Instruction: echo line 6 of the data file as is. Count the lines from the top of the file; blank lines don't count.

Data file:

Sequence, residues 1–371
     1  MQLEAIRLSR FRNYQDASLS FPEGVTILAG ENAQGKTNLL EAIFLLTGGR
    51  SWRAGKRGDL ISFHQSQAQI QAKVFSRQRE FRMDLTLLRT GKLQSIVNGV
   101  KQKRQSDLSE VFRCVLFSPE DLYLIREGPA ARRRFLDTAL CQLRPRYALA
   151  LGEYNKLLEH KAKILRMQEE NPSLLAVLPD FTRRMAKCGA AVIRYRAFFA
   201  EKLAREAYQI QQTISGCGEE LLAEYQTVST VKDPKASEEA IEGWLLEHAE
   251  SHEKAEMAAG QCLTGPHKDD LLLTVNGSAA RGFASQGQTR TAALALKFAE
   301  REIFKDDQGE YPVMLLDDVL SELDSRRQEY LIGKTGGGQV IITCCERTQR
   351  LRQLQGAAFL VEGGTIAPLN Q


   201  EKLAREAYQI QQTISGCGEE LLAEYQTVST VKDPKASEEA IEGWLLEHAE